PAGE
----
Your Cloth and Surgical Masks Leak. Does This Thingy I Bought on eBay Fix the Problem?

My badger seal

I love my cloth masks. They have no leakage around my cheeks or chin. However, like all masks, they leak around my nose when I don’t use nose wire. And nose wires are so uncomfortable I rarely wear them.

Research on mask effectiveness at preventing covid, whether it’s how much they prevent infected wearers from spreading it to others or how much they protect wearers from getting infected in the first place, is all over the place. There are too many variables, and masks do not lend themselves to careful RCTs. However, though it’s difficult to figure out the degree of effectiveness, masks clearly prevent wearers from spreading covid to a useful degree, and also provide some (possibly small) protection to the wearers.

One thing which comes through clearly in the research I’ve seen is that masks work much better when they don’t leak. One study (I couldn’t find it again, sorry) showed that nose leakage is less bad than cheek leakage or chin leakage, but that study might be wrong, and all research shows that zero leakage offers the best protection.

I’ve become more cautious about covid over the past month or two. The Delta variant is more widespread and everyone’s vaccines are wearing off. The risk to me as an individual is low even if I get infected, but I don’t want to infect my parents, who are much more vulnerable and whose vaccine wear-off is further along (they got Moderna, which seems to be the longest-lasting the vaccines, but that’s not saying much). Sometimes I add inserts to my cloth masks. Alas, the inserts I’ve bought which allegedly filter out tiny particles are so small that they leak within the mask (i.e. I end up breathing through the parts of the mask which aren’t covered by the inserts). The inserts won’t do much unless they’re pressed against a small area around my mouth and nostrils.

Enter the badger seal, a thingy people at the University of Wisconsin-Madison invented. They provide instructions for making your own. I didn’t want to make them, so I bought some on eBay.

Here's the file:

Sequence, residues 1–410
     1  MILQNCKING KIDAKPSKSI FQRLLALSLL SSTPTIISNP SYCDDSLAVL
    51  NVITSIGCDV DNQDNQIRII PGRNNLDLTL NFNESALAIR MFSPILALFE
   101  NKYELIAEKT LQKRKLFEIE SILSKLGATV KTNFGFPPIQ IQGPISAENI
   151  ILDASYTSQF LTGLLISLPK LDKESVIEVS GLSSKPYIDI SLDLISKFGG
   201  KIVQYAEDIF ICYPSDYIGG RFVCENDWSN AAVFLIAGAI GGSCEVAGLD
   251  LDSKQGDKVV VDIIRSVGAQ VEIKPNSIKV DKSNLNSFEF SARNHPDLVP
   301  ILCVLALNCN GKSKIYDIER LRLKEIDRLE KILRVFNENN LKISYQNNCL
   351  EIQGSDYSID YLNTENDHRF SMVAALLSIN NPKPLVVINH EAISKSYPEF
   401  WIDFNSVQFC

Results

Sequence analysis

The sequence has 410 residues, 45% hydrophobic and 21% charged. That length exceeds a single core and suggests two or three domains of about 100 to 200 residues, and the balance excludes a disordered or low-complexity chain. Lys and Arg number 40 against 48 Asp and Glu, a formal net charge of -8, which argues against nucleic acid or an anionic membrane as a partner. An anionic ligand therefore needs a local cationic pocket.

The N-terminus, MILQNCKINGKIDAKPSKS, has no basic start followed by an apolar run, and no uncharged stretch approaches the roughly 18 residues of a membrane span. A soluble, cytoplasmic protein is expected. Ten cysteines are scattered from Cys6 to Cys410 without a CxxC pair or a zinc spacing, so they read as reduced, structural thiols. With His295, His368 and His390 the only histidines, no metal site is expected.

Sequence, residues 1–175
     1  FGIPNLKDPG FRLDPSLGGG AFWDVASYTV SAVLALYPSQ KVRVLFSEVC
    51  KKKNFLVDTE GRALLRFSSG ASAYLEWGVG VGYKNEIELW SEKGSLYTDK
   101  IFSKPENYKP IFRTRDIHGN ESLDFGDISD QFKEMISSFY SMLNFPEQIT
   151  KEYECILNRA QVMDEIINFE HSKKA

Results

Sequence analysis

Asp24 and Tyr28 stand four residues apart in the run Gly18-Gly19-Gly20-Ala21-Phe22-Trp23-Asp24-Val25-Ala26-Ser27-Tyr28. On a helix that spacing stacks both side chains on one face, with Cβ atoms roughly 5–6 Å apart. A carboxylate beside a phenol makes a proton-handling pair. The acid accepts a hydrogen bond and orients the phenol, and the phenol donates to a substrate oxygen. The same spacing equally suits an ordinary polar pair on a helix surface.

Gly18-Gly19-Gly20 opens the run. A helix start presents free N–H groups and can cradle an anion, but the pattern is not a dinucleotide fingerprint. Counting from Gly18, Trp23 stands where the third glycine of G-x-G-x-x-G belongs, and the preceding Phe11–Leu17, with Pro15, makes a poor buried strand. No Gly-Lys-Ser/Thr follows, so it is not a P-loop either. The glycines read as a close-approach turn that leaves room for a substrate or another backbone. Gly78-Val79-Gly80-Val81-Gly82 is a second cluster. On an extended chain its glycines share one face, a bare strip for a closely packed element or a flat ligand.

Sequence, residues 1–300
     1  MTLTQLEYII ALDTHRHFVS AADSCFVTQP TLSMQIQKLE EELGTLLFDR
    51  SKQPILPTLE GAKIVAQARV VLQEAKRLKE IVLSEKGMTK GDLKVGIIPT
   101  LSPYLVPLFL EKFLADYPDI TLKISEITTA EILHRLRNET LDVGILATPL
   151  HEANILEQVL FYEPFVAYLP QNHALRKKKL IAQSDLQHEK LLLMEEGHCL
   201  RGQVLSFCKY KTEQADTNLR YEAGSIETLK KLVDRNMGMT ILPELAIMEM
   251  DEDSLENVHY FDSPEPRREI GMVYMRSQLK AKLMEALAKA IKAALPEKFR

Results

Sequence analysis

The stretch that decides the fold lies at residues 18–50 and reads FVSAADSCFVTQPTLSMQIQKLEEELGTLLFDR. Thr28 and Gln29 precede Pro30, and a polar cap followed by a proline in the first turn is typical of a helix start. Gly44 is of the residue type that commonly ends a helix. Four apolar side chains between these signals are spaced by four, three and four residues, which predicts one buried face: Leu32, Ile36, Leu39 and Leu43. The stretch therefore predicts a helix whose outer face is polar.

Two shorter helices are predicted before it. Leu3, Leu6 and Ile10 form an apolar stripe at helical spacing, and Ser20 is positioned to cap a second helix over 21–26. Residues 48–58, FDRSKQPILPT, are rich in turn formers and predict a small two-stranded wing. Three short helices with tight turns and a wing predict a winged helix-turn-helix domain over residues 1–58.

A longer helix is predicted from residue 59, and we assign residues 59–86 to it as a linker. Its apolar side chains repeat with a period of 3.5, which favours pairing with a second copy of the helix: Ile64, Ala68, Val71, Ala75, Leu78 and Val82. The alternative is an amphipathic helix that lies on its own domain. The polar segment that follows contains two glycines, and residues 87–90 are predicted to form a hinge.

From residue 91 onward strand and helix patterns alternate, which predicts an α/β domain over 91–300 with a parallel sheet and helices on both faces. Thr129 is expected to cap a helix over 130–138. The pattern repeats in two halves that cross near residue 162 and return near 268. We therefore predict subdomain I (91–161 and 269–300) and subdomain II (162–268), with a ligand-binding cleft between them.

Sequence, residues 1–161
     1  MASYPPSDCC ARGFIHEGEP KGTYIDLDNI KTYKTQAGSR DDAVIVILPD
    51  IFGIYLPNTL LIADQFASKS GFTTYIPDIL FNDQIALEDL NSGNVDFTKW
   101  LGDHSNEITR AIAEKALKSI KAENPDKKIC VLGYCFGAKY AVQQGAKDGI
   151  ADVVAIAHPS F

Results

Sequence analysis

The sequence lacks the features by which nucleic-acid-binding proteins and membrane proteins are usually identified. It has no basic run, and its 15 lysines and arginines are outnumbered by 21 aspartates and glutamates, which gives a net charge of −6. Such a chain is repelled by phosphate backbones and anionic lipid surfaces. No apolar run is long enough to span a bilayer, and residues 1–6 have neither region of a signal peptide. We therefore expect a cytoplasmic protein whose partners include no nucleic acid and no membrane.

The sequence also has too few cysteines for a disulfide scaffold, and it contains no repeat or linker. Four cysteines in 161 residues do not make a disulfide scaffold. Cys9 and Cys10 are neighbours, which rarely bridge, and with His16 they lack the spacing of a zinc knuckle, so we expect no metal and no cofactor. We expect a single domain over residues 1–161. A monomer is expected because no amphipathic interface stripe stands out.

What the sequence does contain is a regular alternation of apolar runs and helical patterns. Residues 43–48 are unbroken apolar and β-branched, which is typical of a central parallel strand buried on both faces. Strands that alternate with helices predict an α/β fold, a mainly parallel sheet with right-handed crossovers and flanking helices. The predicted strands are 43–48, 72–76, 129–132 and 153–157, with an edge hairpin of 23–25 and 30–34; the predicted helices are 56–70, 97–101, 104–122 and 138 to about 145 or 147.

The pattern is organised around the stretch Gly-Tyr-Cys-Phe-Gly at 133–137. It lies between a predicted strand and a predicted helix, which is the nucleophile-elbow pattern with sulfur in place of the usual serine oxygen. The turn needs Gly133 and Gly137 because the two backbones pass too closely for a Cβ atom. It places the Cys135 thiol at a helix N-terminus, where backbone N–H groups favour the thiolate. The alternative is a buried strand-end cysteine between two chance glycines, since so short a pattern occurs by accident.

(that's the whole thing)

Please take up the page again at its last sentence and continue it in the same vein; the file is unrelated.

Does the badger seal stop leakage?

Yes. It’s more effective than the nose wires I’ve used. They don’t improve the seal around my cheeks or chin since the seals in those parts of my cloth mask are already good, but the seal ensures that, when I add an insert, I breathe through instead of around the insert.

When I use the badger seal, the air within the mask gets moister. That’s less comfortable, but it also shows that the seal is actually sealing.

Is the badger seal comfortable?

It’s more comfortable than nose wire, but that’s not saying much. I prefer having the foam rather than metal pressed around my nose. I trying wearing the headband in a few configurations. The headband is most comfortable when I wear it high, well above my ears, but still far enough back on my skull that it holds.

What’s least comfortable is the chin band. I don’t need it to seal my chin since my cloth masks already seal well down there, but the chin band also keeps the seal on my nose tight. However, over time, I’ve gotten used to it. I never got used to nose wire.

Does the badger seal break?

All the time. The foam pops out of the transparent tubing. It’s easy to shove the foam back into the tube.

I broke my badger seal just for this blog post (it’s fixed now)

Who got the other two badger seals?

My parents.

Do they use them?


My parents use badly fitting masks with terrible leakage (especially my dad). I’ve explained the problem to them. They understand my explanation. Then they use the loose-and-leaky masks anyway.

Until I gave them badger seals.

My dad says the badger seal improves the seal. I believe him. I wish I had gotten the larger size since he doesn’t fit it around his chin, but even without the chin fit, it’s probably dramatically improved the seal on his mask.

My mother favors N95 and N95-equivalent masks because of the higher level of protection, but when she wears a cloth mask or surgical mask, she uses the badger seal (she was in the habit of wearing surgical masks which constantly fell off her face).

So if someone you know wears badly fitted cloth or surgical masks, consider giving them a badger seal.

When do you use the badger seal?

When I’m outdoors and away from people, or only have brief encounters with others outdoors, I don’t use the seal. My cloth masks are more comfortable without the seal.

When I enter an indoor space other than my home for three minutes or less (such as a quick purchase at a store), I use the seal on my cloth mask but don’t use an insert.

When I spend over three minutes in an indoor space other than my home, or when someone outside my bubble (such as a plumber) is in my home, I use a cloth mask + insert + badger seal. I doubt the inserts bring my cloth mask up to N95-like effectiveness, but with the badger seal, they are probably more effective than a badly fitted N95 mask.

I don’t love the badger seal the way I love my cloth masks, but it’s useful. If I ever get covid, in combination with my masks, the seal might stop me from infecting others. And even if it only increases my protection from getting infected by a few percentage points, that might make the difference between infection and escaping infection.

Do you use a badger seal? Do you want one? Would you want to read a post about my mask inserts? Tell me in the comments.

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